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Implementation of International Law in Japanese Courts

From Their Traditional Reluctance in Invoking International Law to Some Innovative Rulings Based upon International Human Rights Law

Kanami Ishibashi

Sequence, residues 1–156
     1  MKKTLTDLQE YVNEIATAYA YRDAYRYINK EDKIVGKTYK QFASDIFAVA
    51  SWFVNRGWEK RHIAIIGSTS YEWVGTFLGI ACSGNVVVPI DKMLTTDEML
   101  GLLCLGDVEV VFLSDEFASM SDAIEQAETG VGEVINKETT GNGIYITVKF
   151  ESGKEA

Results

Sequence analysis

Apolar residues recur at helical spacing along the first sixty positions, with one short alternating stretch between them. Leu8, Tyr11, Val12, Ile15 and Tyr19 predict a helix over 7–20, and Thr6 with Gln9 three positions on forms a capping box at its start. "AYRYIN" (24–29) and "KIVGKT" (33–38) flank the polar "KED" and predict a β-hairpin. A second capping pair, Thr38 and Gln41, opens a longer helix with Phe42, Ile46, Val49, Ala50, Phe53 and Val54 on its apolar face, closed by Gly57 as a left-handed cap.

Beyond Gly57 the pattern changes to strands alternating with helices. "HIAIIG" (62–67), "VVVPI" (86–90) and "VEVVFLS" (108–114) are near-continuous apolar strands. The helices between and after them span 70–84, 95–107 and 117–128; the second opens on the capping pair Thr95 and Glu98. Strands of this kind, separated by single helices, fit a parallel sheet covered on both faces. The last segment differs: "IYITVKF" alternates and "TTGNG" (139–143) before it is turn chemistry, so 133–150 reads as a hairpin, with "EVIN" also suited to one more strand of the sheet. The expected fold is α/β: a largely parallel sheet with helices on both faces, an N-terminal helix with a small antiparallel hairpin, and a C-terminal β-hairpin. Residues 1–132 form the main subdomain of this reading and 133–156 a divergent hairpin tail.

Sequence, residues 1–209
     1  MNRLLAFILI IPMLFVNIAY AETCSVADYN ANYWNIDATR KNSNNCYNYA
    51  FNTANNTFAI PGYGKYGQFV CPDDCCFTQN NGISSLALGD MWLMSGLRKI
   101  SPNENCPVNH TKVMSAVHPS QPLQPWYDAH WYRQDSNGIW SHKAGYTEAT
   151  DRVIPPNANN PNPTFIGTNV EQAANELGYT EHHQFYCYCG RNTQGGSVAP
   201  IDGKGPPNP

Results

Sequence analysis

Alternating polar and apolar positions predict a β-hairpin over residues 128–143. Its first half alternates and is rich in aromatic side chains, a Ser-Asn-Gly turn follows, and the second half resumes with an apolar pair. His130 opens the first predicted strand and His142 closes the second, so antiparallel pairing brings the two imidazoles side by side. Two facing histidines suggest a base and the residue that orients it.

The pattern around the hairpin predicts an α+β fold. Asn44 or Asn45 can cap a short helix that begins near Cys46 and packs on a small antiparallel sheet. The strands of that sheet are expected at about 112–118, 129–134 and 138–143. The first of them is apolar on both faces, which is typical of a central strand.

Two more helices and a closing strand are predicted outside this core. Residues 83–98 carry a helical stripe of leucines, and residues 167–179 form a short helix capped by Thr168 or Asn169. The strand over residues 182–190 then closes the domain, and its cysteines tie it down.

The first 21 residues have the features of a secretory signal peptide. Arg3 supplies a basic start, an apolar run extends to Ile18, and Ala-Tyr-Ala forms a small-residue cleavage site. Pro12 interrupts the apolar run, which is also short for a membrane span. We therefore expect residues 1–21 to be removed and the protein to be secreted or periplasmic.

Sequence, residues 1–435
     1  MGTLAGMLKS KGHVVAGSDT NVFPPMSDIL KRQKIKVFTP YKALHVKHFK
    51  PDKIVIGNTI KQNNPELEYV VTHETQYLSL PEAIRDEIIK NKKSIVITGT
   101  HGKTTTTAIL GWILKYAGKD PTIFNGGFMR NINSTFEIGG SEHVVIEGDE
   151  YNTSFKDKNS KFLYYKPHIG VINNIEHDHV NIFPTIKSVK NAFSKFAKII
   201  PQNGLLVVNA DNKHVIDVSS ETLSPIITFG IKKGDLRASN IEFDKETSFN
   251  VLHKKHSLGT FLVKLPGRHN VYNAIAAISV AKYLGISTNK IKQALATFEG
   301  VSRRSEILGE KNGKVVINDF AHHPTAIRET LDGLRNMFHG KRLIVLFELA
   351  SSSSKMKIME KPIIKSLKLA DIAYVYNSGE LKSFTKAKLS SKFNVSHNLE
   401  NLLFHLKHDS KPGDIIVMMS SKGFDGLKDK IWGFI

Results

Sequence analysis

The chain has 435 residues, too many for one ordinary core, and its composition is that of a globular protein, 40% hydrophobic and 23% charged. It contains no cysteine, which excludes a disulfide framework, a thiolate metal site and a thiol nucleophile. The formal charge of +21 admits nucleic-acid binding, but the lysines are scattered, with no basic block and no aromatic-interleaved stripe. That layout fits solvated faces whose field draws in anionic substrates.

The Constitution has supremacy in the Japanese legal system and describes its relationship with international law as follows: “The treaties concluded by Japan and established laws of nations shall be faithfully observed.” (Art. 98(2)) It has been construed that treaty provisions should be treated respectfully – under the Constitution but superior to domestic laws – and can be invoked in the same way as laws, although courts have been reluctant to apply them. Recently, some innovative changes have occurred in the attitude of Japanese courts, especially in human rights issues concerning children, women, disabled peoples, minorities, and foreigners. We can now expect Japanese courts to invoke or use international human rights law directly or indirectly to interpret the less-elaborated parts of the Constitution and other domestic laws since human rights obligations should be internationalized to the same standard, and since the Japanese Constitution cannot be a “self-contained” law separate from international society.